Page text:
Home   |  View Assessments   |  Reports   |  Login   |  Help             


Assessment Results




© 2008 Miguel Vences and Frank Glaw (1 of 1 )

AmphibiaWeb species account




IUCN Red List assessment


Conservation Needs Assessment

Boophis miniatus ,   Tiny Bright-eyed Frog
Assessed for:  Madagascar   on: 09 May 2015   by: ASG Madagascar  
Assessment Status: Completed  
Order:   Anura     Family:   Mantellidae

IUCN Global Red List:   Least Concern (LC)   
IUCN National Red List:   (not assessed)   
Distribution:     Madagascar  
Evolutionary Distinctiveness score:   12.0068997541403 
Recommended Conservation Actions:   In Situ Research  , Ex Situ Research   
Additional Comments:    

Question #Short NameQuestion TextResponseComments
1 Extinction risk Current IUCN Red List category. [Data obtained from the IUCN Red List.] Least Concern (LC)
2 Possibly extinct Is there a strong possibility that this species might be extinct in the wild? No
3 Phylogenetic significance The taxon’s Evolutionary Distinctiveness (ED) score, as generated by the ZSL EDGE program. (These data are added by AArk staff, and are not editable by Assessors). ED value < 20
4 Protected habitat Is a population of at least 50% of the individuals of the taxon included within a reliably protected area or areas? Yes This species has a quite large range occurring in the rainforest belt of southeastern Madagascar, from Ranomafana south to Andohahela, within (at least) these two protected areas. It is thought to have some tolerance to a degree of habitat modification.
5 Habitat for reintroduction Does enough suitable habitat exist, either within or outside of currently protected areas that is suitable for reintroduction or translocation? Yes The species presents a relatively wide range, being found in both in pristine and degraded rainforest. However, its forest habitat is receding due to subsistence agriculture, timber extraction, charcoal manufacture, and invasive spread of eucalyptus, livestock grazing and expanding human settlements.
6 Previous reintroductions Have reintroduction or translocation attempts been made in the past for this species? No
7 Threat mitigation Are the threats facing the taxon, including any new and emerging threats not considered in the IUCN Red List, potentially reversible? Threats unknown Although the species seem to be relatively resilient to habitat modification, no populations are being monitored to understand the natural fluctuations and eventual impacts of habitat alteration and forest degradation actually happening at a fast rate.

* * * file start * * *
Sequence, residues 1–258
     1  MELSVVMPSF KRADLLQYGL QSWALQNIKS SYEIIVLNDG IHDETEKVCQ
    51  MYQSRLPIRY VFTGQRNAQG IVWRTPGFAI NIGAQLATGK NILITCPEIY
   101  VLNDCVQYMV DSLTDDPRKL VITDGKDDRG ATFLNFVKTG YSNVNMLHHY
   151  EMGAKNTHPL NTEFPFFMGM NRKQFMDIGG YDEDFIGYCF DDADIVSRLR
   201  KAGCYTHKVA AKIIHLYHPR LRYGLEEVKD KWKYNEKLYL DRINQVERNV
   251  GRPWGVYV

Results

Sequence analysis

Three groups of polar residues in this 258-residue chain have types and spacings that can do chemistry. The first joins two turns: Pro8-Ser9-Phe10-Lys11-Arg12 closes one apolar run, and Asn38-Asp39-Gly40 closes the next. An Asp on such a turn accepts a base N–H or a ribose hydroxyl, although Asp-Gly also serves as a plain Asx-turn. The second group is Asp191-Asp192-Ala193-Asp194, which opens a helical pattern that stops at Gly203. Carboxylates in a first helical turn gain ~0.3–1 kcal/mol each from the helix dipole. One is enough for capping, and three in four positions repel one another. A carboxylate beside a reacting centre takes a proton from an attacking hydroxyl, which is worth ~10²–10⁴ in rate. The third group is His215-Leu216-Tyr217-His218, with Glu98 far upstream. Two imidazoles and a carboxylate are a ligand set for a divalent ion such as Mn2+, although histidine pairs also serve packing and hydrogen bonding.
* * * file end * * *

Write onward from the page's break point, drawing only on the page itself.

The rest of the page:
8 Over-collection from the wild Is the taxon suffering from unsustainable collection within its natural range, either for food, for the pet trade or for any other reason, which threatens the species’ continued persistence in the wild? Unknown not a species commonly found in the trade
9 Population recovery Is the known population of this species in the wild large enough to recover naturally, without ex situ intervention if threats are mitigated? Yes
10 Biological distinctiveness Does the taxon exhibit, for example, a distinctive reproductive mode, behaviour, aspect of morphology or physiology, within the Class Amphibia? No aspect of biology known to be exceptional
11 Cultural/socio-economic importance Does the taxon have a special human cultural value (e.g. as a national or regional symbol, in a historic context, featuring in traditional stories) or economic value (e.g. food, traditional medicine, tourism) within its natural range or in a wider global context? No
12 Scientific importance Is the species vital to current or planned research other than species-specific ecology/biology/conservation? (e.g. human medicine, climate change, environmental pollutants and conservation science), within the Class Amphibia? No research dependent on this species
13 Ex situ research Does conserving this species (or closely related species) in situ depend upon research that can be most easily carried out ex situ? No
14 Husbandry analog Do the biological and ecological attributes of this species make it suitable for developing husbandry regimes for more threatened related species? i.e. could this species be used in captivity to help to develop husbandry and breeding protocols which could be used for a similar, but more endangered species at a later stage? Yes This is a stream breeding rainforest tree frog, sharing habits and similar modes of reproduction with many other species of the Genus.
15 Captive breeding Has this species been successfully maintained and bred in captivity? Not held in captivity to date
16 Educational potential Is the species especially diurnal/active/colourful and therefore suited to be an educational ambassador for conservation of this group of species? No
17 Mandate Is there an existing conservation mandate recommending the ex situ conservation of this taxon? No
18 Range State approval Would a proposed ex situ initiative for this species be supported (and approved) by the range State (either within the range State or out-of-country ex situ)? Yes
19 Founder specimens Are sufficient animals of the taxon available or potentially available (from wild or captive sources) to initiate the specified ex situ program? Yes
20 Taxonomic status Has a complete taxonomic analysis of the species in the wild been carried out, to fully understand the functional unit you wish to conserve (i.e. have species limits been determined)? Yes see Glaw et al. (2001) Zool Jour Linn Soc

www.amphibianark.org  | Facebook  | Contact Us